Anne Pauline Murray was born on November 20, 1910 in Baltimore, Maryland. Though born into a loving two-parent home her childhood changed drastically at age three when her mother died from a brain hemorrhage. Her father had earlier suffered medical and mental complications from a bout with Typhoid fever. Unable to care for his six children alone he split up the family and sent Pauli to live with her aunt and grandparents in Durham, North Carolina. Pauli Murray's new family was made up of educators committed to civil and social justice who influenced her love of reading and learning from a very early age. The courage and fortitude she observed from her caregivers helped shape Murray's future work and determination to strive for what she believed was right and just. After receiving a mediocre education in the South because that was all that was available to blacks, she was determined to go to a good desegregated college, even if it meant repeating high school courses up north. She moved to Queens, and after a year of high school classes she enrolled at Hunter College in 1928. Four years later Murray graduated with honors and degrees in English and History. She was one of only four black students in a class of 247.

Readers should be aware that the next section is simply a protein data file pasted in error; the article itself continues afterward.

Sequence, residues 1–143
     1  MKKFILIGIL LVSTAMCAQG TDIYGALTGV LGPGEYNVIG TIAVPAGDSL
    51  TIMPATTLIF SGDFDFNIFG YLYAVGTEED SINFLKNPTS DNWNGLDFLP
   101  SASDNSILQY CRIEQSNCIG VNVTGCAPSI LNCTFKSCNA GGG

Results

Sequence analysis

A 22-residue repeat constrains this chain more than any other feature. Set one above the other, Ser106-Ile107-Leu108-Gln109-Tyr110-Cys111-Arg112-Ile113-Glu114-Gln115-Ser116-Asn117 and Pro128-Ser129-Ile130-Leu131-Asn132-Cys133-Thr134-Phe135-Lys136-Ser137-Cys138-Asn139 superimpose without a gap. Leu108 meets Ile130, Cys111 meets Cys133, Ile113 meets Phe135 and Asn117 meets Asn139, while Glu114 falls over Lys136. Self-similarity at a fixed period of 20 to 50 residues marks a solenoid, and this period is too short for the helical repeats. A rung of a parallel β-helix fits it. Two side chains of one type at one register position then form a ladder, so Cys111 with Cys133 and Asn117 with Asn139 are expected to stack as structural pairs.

Her life and work experiences following college compelled her to further her education. She wanted to fight racial discrimination with her mind as well as her heart and hands. In 1938 she applied to UNC-Chapel Hill but was denied on account of her race, Murray wrote letters of appeal to the president of the college, members of the NAACP and even Franklin and Eleanor Roosevelt. Though she wasn’t accepted to UNC she was able to secure her reputation with influential leaders as a black woman willing to fight for civil rights. It would not be the last time she called upon the United States President and his wife.

In order to better fight for civil rights Murray continued her education to become a civil rights lawyer at the historical black college, Howard University where she received her first law degree in 1944. Her thesis at Howard proposed a legal challenge to segregation based on the Fourteenth Amendment to the Constitution, which guarantees equal protection under the law to all Americans. In 1951 she further developed this thesis into a book "States' Laws on Race and Color." It became the foundation of the NAACP's groundbreaking work in Brown v. Board of Education of Topeka, Kansas, which led to desegregation in public schools.